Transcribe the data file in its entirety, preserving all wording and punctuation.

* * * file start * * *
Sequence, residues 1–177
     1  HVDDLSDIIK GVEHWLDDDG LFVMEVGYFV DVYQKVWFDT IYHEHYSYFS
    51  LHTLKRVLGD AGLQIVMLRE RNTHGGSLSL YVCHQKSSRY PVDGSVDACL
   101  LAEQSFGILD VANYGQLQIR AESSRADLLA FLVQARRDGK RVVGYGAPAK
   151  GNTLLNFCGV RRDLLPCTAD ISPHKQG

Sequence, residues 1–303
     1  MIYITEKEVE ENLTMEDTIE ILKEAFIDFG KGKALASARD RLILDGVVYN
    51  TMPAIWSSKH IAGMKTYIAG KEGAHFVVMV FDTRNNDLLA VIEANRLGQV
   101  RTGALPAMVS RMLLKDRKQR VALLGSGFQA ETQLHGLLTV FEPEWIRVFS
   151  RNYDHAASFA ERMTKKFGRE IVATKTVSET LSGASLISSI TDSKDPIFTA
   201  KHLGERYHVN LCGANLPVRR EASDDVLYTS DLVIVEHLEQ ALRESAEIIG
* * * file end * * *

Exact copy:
Sequence, residues 1–177
     1  HVDDLSDIIK GVEHWLDDDG LFVMEVGYFV DVYQKVWFDT IYHEHYSYFS
    51  LHTLKRVLGD AGLQIVMLRE RNTHGGSLSL YVCHQKSSRY PVDGSVDACL
   101  LAEQSFGILD VANYGQLQIR AESSRADLLA FLVQARRDGK RVVGYGAPAK
   151  GNTLLNFCGV RRDLLPCTAD ISPHKQG

Sequence, residues 1–303
     1  MIYITEKEVE ENLTMEDTIE ILKEAFIDFG KGKALASARD RLILDGVVYN
    51  TMPAIWSSKH IAGMKTYIAG KEGAHFVVMV FDTRNNDLLA VIEANRLGQV
   101  RTGALPAMVS RMLLKDRKQR VALLGSGFQA ETQLHGLLTV FEPEWIRVFS
   151  RNYDHAASFA ERMTKKFGRE IVATKTVSET LSGASLISSI TDSKDPIFTA
   201  KHLGERYHVN LCGANLPVRR EASDDVLYTS DLVIVEHLEQ ALRESAEIIG